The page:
Conservative bishops move away from gay overture
VATICAN CITY (AP): A fight for the soul of the Catholic Church has broken out, and the first battlefield is a document on family values that pits increasingly alarmed conservatives against more progressive bishops emboldened by Pope Francis' vision of a church that is more merciful than moralistic.
On Tuesday, conservative bishops distanced themselves from the document's unprecedented opening towards gays and divorced Catholics, calling it an "unacceptable" deviation from church teaching that doesn't reflect their views and vowing to make changes to the final version.
The report, released midway through a Vatican meeting on such hot-button family issues as marriage, divorce, homosexuality and birth control, signalled a radical shift in tone about welcoming gays, divorced Catholics and unmarried couples into the church.
Its message was one of almost-revolutionary acceptance and understanding rather than condemnation. Gays, it said, had gifts to offer the church and their partnerships, while morally problematic, provided gay couples with "precious" support. The church, it added, must welcome divorced people and recognise the "positive" aspects of civil marriages and even Catholics who live together without being married.
The leaders of the bishops' meeting, or synod, that produced it, stressed Tuesday that it was merely a working paper and was never intended to be a statement of church doctrine, but rather a reflection of bishops' views that will be debated and amended before a final version is released on Saturday.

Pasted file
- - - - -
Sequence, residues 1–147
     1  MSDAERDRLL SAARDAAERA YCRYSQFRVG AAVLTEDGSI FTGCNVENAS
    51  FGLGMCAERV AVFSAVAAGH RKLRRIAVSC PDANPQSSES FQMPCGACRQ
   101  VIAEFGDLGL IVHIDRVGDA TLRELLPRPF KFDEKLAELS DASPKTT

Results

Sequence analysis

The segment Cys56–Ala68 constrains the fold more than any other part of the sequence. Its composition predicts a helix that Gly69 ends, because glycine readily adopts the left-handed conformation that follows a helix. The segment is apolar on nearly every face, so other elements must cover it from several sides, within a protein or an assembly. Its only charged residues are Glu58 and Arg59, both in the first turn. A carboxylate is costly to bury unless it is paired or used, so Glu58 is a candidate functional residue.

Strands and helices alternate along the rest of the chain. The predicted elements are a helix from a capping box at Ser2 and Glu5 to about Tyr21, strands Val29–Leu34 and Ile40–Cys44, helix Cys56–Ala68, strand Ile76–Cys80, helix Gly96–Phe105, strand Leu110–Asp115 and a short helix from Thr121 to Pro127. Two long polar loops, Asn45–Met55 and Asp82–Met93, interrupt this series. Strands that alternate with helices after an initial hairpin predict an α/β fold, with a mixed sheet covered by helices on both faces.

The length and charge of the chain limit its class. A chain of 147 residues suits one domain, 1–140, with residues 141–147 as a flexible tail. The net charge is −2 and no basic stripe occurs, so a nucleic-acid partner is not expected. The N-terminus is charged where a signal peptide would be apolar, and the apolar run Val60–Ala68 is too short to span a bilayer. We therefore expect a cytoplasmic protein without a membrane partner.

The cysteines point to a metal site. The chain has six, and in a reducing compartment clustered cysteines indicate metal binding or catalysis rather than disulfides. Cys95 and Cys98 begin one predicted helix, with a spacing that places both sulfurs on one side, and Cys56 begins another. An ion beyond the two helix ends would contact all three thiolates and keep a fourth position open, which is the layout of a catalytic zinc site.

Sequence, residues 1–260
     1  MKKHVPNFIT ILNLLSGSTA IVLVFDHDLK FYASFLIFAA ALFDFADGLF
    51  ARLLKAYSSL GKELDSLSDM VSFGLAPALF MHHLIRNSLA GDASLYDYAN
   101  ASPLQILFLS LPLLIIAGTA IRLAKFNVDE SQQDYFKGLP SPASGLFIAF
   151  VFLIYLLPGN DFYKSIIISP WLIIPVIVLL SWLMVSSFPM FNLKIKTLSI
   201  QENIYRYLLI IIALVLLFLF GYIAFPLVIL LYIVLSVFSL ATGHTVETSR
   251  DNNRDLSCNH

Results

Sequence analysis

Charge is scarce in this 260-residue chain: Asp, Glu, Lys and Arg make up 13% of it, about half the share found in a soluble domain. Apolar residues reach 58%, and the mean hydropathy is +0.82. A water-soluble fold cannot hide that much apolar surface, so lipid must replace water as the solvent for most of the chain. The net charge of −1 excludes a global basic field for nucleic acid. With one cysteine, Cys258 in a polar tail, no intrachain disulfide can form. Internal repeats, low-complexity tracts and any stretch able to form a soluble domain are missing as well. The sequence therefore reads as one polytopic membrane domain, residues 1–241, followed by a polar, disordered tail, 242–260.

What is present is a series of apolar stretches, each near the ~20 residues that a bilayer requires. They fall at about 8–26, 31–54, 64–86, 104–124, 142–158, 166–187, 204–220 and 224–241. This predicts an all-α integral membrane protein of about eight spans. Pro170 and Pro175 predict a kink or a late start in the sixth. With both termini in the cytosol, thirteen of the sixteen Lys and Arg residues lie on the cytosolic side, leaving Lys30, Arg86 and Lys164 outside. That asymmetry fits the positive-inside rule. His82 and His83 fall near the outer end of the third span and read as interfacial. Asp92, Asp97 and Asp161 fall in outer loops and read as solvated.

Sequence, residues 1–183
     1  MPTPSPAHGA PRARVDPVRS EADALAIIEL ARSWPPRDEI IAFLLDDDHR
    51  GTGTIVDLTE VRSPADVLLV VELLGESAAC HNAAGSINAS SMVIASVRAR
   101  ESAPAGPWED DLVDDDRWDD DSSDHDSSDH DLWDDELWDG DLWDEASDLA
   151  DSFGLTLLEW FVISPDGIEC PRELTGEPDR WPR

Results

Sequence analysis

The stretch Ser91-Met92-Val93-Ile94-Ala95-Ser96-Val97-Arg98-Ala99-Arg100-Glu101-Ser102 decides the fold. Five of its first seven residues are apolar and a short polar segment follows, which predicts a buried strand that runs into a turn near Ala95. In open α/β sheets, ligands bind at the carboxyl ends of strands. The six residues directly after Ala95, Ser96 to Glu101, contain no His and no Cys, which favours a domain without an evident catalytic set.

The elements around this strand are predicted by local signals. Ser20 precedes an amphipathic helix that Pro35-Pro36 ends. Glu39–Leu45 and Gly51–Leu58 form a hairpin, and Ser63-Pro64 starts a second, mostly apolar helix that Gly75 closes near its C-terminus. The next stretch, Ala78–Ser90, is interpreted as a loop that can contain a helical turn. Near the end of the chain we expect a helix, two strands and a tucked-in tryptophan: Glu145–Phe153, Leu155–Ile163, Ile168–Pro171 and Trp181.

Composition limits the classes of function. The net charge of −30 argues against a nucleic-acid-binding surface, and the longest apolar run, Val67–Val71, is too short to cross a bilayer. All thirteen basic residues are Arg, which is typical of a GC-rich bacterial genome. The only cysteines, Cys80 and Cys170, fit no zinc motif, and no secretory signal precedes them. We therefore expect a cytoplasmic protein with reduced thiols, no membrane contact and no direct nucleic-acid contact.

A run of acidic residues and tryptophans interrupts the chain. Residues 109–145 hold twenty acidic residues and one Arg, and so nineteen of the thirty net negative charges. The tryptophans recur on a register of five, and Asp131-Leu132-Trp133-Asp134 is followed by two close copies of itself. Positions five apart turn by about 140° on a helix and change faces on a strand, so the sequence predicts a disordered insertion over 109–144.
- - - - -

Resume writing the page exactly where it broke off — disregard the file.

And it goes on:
Still, its dramatic shift in tone thrilled progressives and gay rights groups, and dismayed conservatives already deeply uncomfortable with Francis' aim to make the church a "field hospital" for wounded souls that focuses far less on the rules and regulations emphasised by his two predecessors.
The document was remarkable both in what it said and what it didn't say: Absent were assertions of Catholic doctrine present in most church documents that gay sex is "intrinsically disordered" and that couples who cohabitate are "living in sin". In their place were words of affirmation and welcome.
"The report, obviously composed under pressure, has easily given rise to some misinterpretation," British Cardinal Vincent Nichols said Tuesday. "It is not a doctrinal or decisive document. It is, as stated in its conclusion, 'intended to raise questions and indicate perspectives that will have to be matured and made clearer on reflection'."